Posted 1 year ago
"The Beaver Hall Group", although initially considered to be a Montreal counterpart to Toronto’s Group of Seven, stood apart through their work: rather than offering an image of Canadian identity through depictions of the untamed landscapes of a northern country, the Montreal artists imbued the inhabited landscapes of a northern culture with the colours of modernity.
They also painted many portraits that convey this same quest for modernism; these works rank among the most remarkable in the history of Canadian art. The male-female parity within the group — a first in Quebec as in Canada — is another resolutely modern trait.
The exhibition, (1920's Modernism in Montreal), shows how the question of gender goes hand in hand with the idea that the group’s diversity fuelled rich and fruitful exchanges. Although short-lived, the Beaver Hall Group provided rich soil for abundant and substantial art-making, now inextricably linked with the history of art in Montreal, Quebec and Canada."
Many moons ago when my sister and brother-in-law were living in Montreal, I went to stay with them for a few days. (I lived close to Toronto.) While I was there she wanted to take me to an art exhibition that was showing at the Montreal Museum of Fine Arts. I don't remember the name of the exhibition, but I purchased my favourite of the advertising posters. It had the name, location and dates of the exhibition, plus details about the artist that painted the original picture.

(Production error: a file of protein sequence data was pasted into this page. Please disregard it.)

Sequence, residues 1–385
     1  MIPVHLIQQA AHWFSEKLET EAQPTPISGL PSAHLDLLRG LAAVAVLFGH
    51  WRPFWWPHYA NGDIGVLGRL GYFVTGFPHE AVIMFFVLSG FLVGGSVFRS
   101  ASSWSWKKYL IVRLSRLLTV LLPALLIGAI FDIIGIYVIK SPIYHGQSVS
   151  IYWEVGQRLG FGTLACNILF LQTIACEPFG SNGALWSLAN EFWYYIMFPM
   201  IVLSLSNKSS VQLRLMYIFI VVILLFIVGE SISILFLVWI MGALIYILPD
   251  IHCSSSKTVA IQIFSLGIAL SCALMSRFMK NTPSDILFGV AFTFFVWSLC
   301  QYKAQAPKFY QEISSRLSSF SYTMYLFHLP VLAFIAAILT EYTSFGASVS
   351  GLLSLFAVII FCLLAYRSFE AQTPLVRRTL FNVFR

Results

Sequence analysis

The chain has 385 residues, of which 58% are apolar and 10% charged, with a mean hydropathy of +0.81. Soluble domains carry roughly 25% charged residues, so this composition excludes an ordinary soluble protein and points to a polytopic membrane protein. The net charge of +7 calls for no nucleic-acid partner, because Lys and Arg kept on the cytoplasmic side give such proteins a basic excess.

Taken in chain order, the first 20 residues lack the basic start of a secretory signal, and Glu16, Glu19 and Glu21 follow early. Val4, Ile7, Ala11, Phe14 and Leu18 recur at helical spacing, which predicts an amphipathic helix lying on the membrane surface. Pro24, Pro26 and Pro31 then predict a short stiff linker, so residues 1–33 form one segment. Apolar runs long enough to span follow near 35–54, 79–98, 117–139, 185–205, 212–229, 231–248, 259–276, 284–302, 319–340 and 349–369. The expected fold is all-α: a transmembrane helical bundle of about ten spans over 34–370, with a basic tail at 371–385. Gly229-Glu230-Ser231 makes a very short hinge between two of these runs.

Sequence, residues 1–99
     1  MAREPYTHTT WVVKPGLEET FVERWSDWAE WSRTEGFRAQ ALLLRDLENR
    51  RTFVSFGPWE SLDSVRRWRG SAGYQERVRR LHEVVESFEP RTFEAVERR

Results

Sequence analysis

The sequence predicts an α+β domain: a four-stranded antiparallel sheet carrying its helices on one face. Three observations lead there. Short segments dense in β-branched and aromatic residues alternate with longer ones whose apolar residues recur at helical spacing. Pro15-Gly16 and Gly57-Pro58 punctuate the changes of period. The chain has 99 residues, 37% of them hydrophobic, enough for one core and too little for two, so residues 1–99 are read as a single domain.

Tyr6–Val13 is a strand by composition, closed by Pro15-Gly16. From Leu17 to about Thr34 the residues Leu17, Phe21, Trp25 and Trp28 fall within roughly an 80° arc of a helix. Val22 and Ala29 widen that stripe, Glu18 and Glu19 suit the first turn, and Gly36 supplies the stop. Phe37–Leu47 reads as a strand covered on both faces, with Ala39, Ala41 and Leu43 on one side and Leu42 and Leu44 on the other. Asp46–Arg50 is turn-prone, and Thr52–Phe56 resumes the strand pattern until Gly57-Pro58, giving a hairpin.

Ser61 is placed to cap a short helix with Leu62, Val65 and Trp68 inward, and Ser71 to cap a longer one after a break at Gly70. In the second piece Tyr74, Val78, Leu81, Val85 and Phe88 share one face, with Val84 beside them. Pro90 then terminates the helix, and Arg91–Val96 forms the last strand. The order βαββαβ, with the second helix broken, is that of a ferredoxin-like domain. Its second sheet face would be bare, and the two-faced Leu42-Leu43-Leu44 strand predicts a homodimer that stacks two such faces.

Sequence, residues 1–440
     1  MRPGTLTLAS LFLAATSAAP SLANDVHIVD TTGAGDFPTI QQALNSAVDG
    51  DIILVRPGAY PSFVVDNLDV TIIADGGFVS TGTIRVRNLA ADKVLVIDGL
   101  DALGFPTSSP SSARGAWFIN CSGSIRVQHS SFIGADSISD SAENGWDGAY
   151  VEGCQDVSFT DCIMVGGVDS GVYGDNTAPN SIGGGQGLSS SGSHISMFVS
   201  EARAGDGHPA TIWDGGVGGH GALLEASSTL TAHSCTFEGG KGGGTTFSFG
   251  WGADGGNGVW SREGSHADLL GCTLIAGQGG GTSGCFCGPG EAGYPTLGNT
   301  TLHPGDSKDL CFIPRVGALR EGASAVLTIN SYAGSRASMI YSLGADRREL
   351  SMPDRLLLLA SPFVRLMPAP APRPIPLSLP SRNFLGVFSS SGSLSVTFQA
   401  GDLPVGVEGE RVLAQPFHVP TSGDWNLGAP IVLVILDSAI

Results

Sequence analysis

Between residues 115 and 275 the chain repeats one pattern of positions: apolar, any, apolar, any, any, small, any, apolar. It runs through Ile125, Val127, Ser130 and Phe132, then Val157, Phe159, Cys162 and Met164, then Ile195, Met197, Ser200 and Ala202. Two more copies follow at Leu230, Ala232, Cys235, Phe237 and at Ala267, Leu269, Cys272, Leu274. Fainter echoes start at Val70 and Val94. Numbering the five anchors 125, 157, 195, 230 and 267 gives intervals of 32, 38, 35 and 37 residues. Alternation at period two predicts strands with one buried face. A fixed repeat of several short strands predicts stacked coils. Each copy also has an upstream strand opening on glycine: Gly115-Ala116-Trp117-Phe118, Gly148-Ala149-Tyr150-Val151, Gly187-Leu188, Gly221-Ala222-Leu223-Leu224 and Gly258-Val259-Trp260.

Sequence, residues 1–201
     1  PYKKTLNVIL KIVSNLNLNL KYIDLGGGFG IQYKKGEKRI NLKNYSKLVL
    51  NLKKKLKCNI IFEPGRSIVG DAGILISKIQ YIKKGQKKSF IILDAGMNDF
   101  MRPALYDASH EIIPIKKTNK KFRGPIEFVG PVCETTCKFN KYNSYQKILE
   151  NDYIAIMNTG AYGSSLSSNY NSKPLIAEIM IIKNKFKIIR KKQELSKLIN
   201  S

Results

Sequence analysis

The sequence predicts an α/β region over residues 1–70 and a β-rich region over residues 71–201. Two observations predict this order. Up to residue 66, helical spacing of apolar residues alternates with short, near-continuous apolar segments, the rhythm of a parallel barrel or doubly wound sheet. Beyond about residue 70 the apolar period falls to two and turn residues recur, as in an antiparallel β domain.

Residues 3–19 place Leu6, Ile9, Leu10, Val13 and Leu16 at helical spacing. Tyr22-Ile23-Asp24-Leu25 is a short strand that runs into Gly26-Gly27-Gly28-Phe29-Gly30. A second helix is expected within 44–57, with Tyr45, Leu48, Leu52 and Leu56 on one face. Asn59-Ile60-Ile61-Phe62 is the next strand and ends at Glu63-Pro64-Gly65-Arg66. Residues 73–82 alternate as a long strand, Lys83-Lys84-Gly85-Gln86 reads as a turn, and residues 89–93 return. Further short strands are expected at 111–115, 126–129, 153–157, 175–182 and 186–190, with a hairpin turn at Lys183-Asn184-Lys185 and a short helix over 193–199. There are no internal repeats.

It sat for many months in the cardboard tube I'd brought it home in. It got carted around from house move to house move. When I finally decided to have it framed, in my infinite wisdom, I asked them to cut off all the information from the bottom, so all that was left was the painting.
Fast forward over 35 years and I'm living in downtown Hamilton, Ontario, a few blocks from the Art Gallery of Hamilton. By chance in late Spring this year I checked online to see what was on at Hamilton's Gallery. On the first page of their site I found myself looking at the very same painting/poster I'd bought in Montreal. They were advertising an exhibition of paintings by the Montreal group I mentioned at the beginning of this long saga! I don't think the exhibition that I visited in Montreal was the same as the one here, that's why I was falling off my chair surprised that they had picked that piece of art to advertise it. (Does that make sense?) My daughter came with me to the gallery - it was amazing to see that painting again after so many years. It brought back many, many memories that were shared with my daughter.
Credit 1st Photo: Randolph S. Hewton, 'Miss Mary Macintosh', 1924 or earlier, oil on canvas. Photo David Barbour.
Credit 2nd Photo: Prudence Heward’s 'At the Theatre' / Horsley and Annie Townsend. Robert Everett-Green, Montreal — The Globe and Mail, Oct. 27, 2015.
Credit 3rd Photo: Prudence Heward (1896-1947) 'The Immigrants 1928' Oil on canvas from a Toronto private collection. Photo Sean Weaver (Montreal Museum of Fine Arts). Article CBC Montreal by Jeanette Kelly, Arts Reporter at CBC Montreal.